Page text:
Dr. Alexandra Murray-Leslie (AU) is an academic artist, guest researcher Animal Logic Academy, Faculty of Transdisciplinary Innovation, The University of Technology Sydney, and co-founder of the art band Chicks on Speed. Her practice-based research focuses on the design and development of somatic wearable musical instruments with a focus on computer enhanced foot devices for theatrical audiovisual expression. She is currently artistic director of creative technology transfer for opera and pop-musicals.
Anthropo-technological methodologies for deinscribing and demaking high heeled shoes for theatrical audio visual expression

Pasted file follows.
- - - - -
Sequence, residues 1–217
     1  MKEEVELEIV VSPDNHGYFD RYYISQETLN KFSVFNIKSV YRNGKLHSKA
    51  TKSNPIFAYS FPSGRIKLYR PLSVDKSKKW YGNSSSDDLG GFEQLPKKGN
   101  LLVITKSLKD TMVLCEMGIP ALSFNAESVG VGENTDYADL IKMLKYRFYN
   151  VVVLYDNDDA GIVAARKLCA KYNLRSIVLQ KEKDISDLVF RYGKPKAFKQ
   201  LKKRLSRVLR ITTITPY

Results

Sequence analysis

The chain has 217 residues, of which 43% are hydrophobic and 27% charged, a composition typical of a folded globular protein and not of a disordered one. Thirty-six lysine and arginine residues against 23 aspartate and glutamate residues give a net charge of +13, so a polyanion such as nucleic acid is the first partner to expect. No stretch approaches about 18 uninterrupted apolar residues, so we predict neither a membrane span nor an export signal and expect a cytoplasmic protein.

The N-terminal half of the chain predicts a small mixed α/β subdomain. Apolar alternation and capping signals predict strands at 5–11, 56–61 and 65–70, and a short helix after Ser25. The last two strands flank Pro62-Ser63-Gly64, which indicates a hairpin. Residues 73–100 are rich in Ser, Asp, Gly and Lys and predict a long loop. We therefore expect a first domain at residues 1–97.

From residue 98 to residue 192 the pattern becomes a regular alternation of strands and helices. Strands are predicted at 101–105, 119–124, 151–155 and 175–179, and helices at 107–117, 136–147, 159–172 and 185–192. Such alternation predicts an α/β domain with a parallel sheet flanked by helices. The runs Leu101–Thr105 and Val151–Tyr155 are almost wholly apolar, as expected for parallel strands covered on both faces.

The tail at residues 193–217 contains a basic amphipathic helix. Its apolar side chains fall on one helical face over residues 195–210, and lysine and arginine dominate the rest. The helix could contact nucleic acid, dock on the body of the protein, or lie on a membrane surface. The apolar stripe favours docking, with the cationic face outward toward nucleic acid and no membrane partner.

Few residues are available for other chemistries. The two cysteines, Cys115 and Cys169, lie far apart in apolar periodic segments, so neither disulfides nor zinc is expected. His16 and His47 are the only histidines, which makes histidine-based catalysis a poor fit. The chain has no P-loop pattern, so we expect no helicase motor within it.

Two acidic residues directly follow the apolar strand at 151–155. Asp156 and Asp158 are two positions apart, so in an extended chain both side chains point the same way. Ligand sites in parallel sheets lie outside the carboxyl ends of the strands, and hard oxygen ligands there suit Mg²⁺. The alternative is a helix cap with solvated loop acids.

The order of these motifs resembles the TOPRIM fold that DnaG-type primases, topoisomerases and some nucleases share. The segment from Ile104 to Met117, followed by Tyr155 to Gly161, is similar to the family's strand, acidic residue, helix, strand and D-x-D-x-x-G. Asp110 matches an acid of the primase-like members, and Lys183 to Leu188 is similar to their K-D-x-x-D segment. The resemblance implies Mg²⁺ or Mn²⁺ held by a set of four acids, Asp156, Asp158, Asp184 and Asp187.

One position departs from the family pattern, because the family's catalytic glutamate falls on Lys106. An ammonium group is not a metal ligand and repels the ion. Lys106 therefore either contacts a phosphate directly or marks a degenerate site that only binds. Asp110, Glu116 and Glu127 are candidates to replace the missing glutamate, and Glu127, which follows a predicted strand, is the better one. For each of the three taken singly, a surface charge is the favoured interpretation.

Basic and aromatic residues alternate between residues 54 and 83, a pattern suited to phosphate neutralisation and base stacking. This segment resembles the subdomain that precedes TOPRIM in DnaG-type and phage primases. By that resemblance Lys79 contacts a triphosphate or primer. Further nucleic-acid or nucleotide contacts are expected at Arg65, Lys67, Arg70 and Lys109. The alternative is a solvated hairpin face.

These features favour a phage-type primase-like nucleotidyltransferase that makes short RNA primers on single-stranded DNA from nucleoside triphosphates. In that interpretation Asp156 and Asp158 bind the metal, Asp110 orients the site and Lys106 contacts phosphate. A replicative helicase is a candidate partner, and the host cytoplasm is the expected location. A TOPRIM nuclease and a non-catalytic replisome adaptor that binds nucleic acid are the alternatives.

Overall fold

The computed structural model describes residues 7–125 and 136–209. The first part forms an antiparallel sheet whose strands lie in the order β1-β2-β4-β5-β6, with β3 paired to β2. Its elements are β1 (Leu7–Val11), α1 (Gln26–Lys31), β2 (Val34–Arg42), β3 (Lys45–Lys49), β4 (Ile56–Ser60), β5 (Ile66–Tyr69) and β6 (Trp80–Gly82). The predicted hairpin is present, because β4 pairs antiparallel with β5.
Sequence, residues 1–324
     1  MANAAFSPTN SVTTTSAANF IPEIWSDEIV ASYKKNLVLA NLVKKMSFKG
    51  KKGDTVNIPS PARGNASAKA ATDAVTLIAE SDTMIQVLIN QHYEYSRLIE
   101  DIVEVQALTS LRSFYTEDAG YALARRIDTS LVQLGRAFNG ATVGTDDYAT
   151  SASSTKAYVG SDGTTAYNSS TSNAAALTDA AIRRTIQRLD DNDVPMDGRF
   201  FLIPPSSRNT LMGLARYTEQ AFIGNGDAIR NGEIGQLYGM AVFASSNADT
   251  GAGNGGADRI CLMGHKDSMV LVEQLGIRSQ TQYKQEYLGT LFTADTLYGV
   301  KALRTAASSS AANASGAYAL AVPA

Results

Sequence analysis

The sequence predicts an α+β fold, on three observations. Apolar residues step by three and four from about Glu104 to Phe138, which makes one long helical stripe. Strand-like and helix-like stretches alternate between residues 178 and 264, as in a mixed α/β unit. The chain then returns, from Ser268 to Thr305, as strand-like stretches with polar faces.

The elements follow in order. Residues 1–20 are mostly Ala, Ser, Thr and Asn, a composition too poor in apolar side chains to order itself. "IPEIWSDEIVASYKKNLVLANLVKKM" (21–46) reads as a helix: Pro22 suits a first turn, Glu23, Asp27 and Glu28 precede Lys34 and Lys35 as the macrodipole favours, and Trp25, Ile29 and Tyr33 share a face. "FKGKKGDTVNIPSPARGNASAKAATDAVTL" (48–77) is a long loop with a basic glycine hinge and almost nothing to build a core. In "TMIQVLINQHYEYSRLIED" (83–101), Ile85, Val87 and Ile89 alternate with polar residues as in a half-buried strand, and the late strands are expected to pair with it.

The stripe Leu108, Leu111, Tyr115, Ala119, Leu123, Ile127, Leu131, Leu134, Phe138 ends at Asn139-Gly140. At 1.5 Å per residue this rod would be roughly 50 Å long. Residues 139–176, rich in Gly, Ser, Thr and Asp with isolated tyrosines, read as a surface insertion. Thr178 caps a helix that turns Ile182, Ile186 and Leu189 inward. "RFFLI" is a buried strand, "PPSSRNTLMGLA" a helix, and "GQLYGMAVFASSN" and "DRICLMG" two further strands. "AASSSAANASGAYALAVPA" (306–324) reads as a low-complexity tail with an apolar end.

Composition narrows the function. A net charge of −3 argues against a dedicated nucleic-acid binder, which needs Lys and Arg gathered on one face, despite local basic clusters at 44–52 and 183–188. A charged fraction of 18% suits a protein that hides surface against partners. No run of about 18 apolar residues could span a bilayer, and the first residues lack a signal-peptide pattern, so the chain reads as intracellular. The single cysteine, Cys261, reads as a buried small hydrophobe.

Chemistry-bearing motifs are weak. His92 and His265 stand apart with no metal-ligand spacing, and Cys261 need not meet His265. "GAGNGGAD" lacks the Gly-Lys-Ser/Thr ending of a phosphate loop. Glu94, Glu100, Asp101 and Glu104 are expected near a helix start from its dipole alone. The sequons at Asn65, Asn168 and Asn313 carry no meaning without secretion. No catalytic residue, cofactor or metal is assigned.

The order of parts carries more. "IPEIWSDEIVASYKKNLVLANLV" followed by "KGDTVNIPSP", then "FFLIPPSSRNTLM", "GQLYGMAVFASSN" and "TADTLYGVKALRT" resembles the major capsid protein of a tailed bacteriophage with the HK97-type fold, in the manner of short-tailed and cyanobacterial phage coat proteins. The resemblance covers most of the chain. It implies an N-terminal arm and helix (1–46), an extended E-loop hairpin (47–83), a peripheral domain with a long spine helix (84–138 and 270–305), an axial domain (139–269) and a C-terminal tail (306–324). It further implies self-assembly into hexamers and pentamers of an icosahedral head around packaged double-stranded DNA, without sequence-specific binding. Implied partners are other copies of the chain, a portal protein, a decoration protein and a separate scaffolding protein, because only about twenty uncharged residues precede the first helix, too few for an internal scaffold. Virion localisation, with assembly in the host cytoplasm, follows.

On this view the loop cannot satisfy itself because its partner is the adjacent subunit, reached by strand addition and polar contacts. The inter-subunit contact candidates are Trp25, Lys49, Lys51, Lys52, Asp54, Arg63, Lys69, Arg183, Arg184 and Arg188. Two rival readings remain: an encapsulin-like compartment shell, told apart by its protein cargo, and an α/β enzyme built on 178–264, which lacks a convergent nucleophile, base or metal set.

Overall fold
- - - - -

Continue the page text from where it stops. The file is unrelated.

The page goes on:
We speak about manipulation but rarely do we speak about pedipulation with most musical instruments being designed for the hands, with the feet being used primarily for balance and as “Stepping machines” (Ingold). Over the last centuries there is a tendency towards maltreating the feet, the feet being described as “base” and the hands being closer to the heavens. Technology and taste have ultimately shaped the form, function and aesthetics of footwear, which has ultimately led to shoes shaping our feet (Bernardt Rudovsky describing modern shoes as “foot deformers” in 1947). Art historian Griselda Pollock has introduced the concept of ‘radical underfeminization’, the dilemma for women artists who produced their work within the canon of male artistic production, and the concomitant need for an ‘inscription in the feminine’ in future work made by women. I draw a parallel with Pollock’s statement in my work costuming for my performances in which I always have to consider my subject position as a woman. This performative lecture considers the way in which I have dealt with that thorny feminist issue, the high heeled shoe with my academic and artistic research aiming to to DEINSCRIBE and DEMAKE the high heeled shoe in order to liberate the feet for audio visual expression on stage. If sensors “give a voice to the entities they monitor: to animals, plants, people, and inanimate objects” (Gabrys 2016) then sensors in connection with micro controllers, have the potential to give a liberated voice to the feet using new types of footwear that nurture unusual forms of expressivity. My costuming of the foot informs a new type of computer enhanced foot device for theatrical audiovisual expression in performance. A series of performance case studies are presented including from Ars Electronica Festival (Linz 2017); Chicks on Speed ‘Artstravaganza’, Karl Lagerfeld: Mode Methode, Bundeskunsthalle, (Bonn, 2016); and NTU Centre for Contemporary Art, Singapore (2015).